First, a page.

Dr. Drew: $elling Out $cience

June 27, 2012

Flipping through TV channels (June 11, 2012) I happened upon Dr. Drew, just in time to watch the physician uncomfortably hosting the notorious “psychic medium” James Van Praagh. I say uncomfortably because Dr. Drew Pinsky does not for a moment believe Van Praagh can talk to the dead. So why, in the name of Ethics, you ask, does he have the pretender doing readings on his $how? Can we $olve thi$ my$tery?

Van Praagh was making the rounds to promote his new book, which joins his previous ones, including Ghosts Among Us and Unfinished Business, in advancing the life-after-death myth. Growing Up in Heaven: The Eternal Connection Between Parent and Child is supposed to help those who have lost children deal with their grief. (For more on Van Praagh, whom I once debated on a radio program, see my Real-Life X–Files, 2001, 194–199.)

No doubt, as a physician, Pinsky knows that, once the brain is dead, all brain function ceases, and with it the ability to walk, talk, and say “boo!” Never mind the supposed “energy” that Van Praagh and other New Agers blather on about. Any energy given off by the body at death would naturally dissipate. (See my The Science of Ghosts, 2012.) Thus, as an ostensible man of science, Dr. Pinsky certainly tried to keep himself at arm’s length from Van Praagh’s pretend supernaturalism. Pinsky repeatedly referred to Van Praagh as a “self-proclaimed” psychic medium, while describing himself as a skeptic regarding Van Praagh’s purported ability to talk with the dead. “Our methods are completely different,” he insisted. However, he added, “You can be skeptical like I am and still help people.”

What the doctor is really saying—in his most paternalistic manner—is that the end justifies the means, that a little pretense is okay if it is for a good purpose. So he says of the self proclaimer, in the tone one might adopt for a harmless quack, “Though our methods are very different, our objectives are the same.” As he said of one woman’s dwelling on a death, and Van Praagh’s spiritualist message to her, “If that helps her let go of this and move through her grief, I’m all about what James has to say.”

But Van Praagh’s “help” comes at quite a price. That is a betrayal of Pinsky’s own stated conviction that “death is a part of life” and should be accepted as such. Yet here he is, obviously concerned more about his show’s ratings than about science and truth, becoming a party to tricking the grief-stricken, enticing them (ironically, since he is an addiction specialist) into dependence on the opiate of belief. It is a false belief, as Pinsky himself acknowledges, yet he states, “Again, I like working with James because he helps people feel better, and that’s what I’m all about.”

This dose of platitudinous syrup from Dr. Drew is obviously meant to mask the bitter taste of his endorsement of ignorance and superstition—as if spiritualist beliefs were simply a harmless placebo. No wonder the good doctor seemed uncomfortable.


#1 Dorion on Wednesday June 27, 2012 at 8:23am

I saw the program and had the same reaction, particularly to the idea that “hey, if it makes you happy, then good on ya.” As an addiction counselor, Pinsky definitely knows better—what makes us “feel good” often destroys us.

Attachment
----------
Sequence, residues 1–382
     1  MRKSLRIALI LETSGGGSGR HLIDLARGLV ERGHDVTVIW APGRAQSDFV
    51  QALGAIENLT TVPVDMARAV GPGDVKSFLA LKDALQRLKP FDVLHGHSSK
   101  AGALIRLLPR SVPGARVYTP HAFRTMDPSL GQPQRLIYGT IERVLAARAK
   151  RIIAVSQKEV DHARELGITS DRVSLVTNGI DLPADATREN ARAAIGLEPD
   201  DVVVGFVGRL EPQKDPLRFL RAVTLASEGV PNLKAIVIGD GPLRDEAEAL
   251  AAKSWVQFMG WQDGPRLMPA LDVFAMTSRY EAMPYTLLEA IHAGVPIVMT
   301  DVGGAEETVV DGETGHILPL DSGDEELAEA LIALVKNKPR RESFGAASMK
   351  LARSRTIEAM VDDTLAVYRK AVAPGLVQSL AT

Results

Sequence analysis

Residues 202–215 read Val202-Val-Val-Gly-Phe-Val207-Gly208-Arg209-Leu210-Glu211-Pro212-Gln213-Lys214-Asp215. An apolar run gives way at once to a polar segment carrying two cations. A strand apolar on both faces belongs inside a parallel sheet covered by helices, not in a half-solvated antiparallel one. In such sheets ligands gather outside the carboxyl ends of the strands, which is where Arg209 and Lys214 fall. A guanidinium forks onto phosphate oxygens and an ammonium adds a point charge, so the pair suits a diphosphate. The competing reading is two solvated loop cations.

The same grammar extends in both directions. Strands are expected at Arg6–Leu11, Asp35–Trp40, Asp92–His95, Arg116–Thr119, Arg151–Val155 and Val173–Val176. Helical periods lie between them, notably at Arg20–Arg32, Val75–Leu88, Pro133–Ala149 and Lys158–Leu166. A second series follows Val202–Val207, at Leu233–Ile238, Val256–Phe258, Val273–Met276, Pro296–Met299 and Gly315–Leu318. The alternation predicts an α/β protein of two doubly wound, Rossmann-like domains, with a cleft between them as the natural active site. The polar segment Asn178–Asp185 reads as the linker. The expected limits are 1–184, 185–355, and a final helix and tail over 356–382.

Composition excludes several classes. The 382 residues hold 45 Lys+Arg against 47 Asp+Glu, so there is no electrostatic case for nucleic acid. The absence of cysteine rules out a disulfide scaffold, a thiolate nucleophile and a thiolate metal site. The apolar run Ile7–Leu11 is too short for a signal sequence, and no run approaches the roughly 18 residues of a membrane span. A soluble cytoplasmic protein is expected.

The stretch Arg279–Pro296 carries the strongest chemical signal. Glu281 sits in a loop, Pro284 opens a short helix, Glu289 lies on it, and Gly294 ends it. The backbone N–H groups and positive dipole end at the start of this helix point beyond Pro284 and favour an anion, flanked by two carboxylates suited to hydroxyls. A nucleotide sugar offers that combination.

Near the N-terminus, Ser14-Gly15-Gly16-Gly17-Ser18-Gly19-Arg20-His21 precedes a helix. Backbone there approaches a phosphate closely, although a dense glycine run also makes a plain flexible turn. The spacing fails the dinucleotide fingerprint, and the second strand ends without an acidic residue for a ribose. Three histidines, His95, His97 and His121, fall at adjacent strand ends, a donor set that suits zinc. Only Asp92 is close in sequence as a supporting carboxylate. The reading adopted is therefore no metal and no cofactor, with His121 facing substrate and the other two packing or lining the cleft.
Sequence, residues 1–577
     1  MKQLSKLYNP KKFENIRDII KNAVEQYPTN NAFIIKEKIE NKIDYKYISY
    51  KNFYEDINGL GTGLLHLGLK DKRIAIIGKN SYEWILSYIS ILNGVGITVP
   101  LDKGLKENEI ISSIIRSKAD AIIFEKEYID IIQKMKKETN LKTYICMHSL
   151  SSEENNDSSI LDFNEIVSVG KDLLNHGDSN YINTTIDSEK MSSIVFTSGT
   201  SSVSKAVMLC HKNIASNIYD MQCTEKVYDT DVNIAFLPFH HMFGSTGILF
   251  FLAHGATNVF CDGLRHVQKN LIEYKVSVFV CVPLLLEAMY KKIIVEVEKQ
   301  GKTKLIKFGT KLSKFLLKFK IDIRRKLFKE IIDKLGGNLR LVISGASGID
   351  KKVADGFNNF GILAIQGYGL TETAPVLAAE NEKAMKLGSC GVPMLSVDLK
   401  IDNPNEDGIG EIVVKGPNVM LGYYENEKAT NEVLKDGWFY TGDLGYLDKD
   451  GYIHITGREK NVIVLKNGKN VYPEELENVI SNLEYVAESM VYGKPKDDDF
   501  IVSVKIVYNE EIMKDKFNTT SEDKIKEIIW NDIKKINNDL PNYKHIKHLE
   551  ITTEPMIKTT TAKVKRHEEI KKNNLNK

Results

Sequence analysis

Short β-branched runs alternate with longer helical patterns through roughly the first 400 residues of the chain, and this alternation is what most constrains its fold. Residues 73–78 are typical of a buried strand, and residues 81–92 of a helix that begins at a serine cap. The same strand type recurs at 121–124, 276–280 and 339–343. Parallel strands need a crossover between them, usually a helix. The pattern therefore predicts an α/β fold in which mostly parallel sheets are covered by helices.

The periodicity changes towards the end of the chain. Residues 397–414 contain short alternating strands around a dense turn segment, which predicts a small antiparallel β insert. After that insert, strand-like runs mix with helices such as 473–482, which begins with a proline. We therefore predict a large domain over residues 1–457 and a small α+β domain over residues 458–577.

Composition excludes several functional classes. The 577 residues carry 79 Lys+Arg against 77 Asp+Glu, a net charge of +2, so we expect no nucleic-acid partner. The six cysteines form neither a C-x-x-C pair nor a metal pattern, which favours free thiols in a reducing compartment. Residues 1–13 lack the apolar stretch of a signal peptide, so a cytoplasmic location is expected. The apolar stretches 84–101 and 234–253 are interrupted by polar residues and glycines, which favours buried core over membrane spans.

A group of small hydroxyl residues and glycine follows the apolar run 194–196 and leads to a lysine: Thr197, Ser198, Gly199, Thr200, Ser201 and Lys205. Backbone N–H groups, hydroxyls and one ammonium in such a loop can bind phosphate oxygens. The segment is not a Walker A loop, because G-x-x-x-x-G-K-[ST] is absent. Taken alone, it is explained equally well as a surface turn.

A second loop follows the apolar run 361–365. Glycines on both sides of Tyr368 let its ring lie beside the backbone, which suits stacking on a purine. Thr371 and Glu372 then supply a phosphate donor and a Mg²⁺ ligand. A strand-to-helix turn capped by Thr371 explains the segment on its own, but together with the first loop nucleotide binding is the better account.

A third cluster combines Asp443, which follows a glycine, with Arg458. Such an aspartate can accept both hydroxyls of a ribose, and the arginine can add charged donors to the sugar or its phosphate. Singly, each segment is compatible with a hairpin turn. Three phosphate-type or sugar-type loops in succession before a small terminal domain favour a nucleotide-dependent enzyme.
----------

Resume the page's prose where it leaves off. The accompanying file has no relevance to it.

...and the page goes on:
#2 Function13 (Guest) on Wednesday June 27, 2012 at 10:03am

Dr. Drew is hardly a bastion of skepticism and promoter of empiricism. See Suburra.com’s scathing criticisms of Dr. Drew’s work.

#3 Function13 on Wednesday June 27, 2012 at 10:04am

Dr. Drew is hardly a bastion of skepticism and promoter of empiricism. See Suburra.com’s scathing criticisms of Dr. Drew’s work.

#4 Eric (Guest) on Thursday June 28, 2012 at 6:39am

Function - your link is a serious “takedown” of Dr. Drew’s view on drugs…until you read the purpose of said blogger. The site is specifically geared to fight for making it appear that recreational drug use is OK. Of course they are going to challenge anyone who dares say drugs might be bad. Dr. Drew has never said that all drugs or their use are bad, but also has formed his own opinion on what happens to addicts through his thousands of hours of practice and study.

As far as Dr. Drew’s guest…you again have to look at the medium. He is on a CNN network. When they tell him to have a psychic on, he has to…and be as nice as he can. It is the crappy part about TV. Why is there no real skeptic TV show to this day? Because it is not easy to sell our message. We get close with Mythbusters, but it takes a lot of C4 to get there. Listen to Dr. Drew on Adam Corolla’s show and you get a better sense of who he is.

Do I agree with every skeptic all the time? No. But we can’t always stick 100% to our convictions when sometimes getting 85% of what we want is pretty good…far better than 0%

#5 davidwilliambarker on Thursday June 28, 2012 at 11:56am

In a an early episode of Anderson Cooper’s afternoon talk show, he called himself a skeptic, then fawned all over John Edward like he had a big crush on him, partly because AC’s mother was on the same show and was a True Believer in Edward’s crap.

#6 Dorion on Thursday June 28, 2012 at 12:06pm

I saw that episode, @5, and was befuddled. I had some respect for Anderson Cooper, but his foray into “daytime braindead TV” has really damaged that.

#7 joemac53 on Monday July 02, 2012 at 2:21pm

I don’t want to be a wiseguy, but maybe you should suggest that “South Park” have an episode about Dr. Drew.

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